AC 2007 - what next for the Cup?

James Boyd looks ahead at the possibilities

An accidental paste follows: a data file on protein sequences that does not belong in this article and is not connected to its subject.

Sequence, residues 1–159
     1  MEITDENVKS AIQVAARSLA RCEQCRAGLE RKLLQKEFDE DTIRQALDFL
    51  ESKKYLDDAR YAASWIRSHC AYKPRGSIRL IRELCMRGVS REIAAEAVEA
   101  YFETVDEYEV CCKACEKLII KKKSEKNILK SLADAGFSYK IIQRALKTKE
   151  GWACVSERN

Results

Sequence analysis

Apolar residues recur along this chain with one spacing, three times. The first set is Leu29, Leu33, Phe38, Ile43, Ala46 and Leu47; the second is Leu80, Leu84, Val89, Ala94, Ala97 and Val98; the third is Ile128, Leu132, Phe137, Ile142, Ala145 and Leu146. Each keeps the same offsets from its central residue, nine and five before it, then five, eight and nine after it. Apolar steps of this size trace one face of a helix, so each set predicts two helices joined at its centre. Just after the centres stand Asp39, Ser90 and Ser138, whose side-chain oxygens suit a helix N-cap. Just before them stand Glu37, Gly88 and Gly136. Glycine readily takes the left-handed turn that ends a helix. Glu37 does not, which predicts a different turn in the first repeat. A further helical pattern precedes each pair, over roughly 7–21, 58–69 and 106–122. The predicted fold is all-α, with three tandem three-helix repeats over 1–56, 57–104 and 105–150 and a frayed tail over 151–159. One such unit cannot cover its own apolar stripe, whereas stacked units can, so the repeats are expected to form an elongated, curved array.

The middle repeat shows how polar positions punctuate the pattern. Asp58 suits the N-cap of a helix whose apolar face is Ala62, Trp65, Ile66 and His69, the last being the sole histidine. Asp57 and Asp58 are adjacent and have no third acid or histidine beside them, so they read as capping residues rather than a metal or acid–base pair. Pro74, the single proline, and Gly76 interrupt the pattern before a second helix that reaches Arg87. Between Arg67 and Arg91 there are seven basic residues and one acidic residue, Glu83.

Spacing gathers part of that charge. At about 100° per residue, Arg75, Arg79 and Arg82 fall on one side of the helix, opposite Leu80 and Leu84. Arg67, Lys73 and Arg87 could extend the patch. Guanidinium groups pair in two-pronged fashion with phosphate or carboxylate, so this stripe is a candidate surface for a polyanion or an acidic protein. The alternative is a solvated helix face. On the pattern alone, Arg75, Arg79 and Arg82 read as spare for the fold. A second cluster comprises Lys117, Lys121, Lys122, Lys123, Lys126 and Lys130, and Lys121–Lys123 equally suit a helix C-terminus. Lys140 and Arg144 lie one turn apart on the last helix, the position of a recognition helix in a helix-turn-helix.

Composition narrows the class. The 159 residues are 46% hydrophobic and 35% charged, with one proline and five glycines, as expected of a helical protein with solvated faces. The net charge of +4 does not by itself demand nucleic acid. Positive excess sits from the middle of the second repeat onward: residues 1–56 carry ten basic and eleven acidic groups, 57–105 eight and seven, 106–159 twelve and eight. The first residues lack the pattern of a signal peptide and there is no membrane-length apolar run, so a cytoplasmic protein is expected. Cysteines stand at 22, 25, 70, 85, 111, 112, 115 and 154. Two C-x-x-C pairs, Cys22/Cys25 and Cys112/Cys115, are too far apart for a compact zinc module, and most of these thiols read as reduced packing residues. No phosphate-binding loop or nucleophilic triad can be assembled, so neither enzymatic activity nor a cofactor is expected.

I arrived in Auckland a while back with the firm belief that for purely selfish reasons I wanted the America's Cup to won by Alinghi. Ernesto Bertarelli is a cool 37 year old billionaire with the right intentions for the event and bringing the America's Cup to Europe within Easyjet striking distance for hacks wishing to visit from London, as well as the prospect of more European teams, the event's first ever return to our shores or simply for base reasons of fundamental change - all of these things, I felt, had to be a good thing for the event. Now, I am not so sure. The reaction to the America's Cup here in New Zealand is extraordinary. The most serious war in 50 years may be brewing, but from the pages of the New Zealand Herald here you wouldn't know it. Team New Zealand and either Schnack or Deano have been on the cover of the New Zealand Herald every day since I've been here. Barker's every move, every reaction is well documented and analysed to the nth degree and the Herald is not alone among the media here in being utterly obsessed with Cup fever. During the Louis Vuitton Cup there was four hours of live television coverage every day, an anchorman's nightmare on days when racing is delayed and delayed and then finally cancelled when the wind fails to materialise. Now the Cup is on and the home team are in action live TV coverage has been upped to nine hours. It is then that commentators such as Peter Montgomery, a man who could carry out a lengthy analysis of the inside of a ping pong ball and make it sound interesting, earn their money. And the media is not alone. Wearing anything which gives the impression you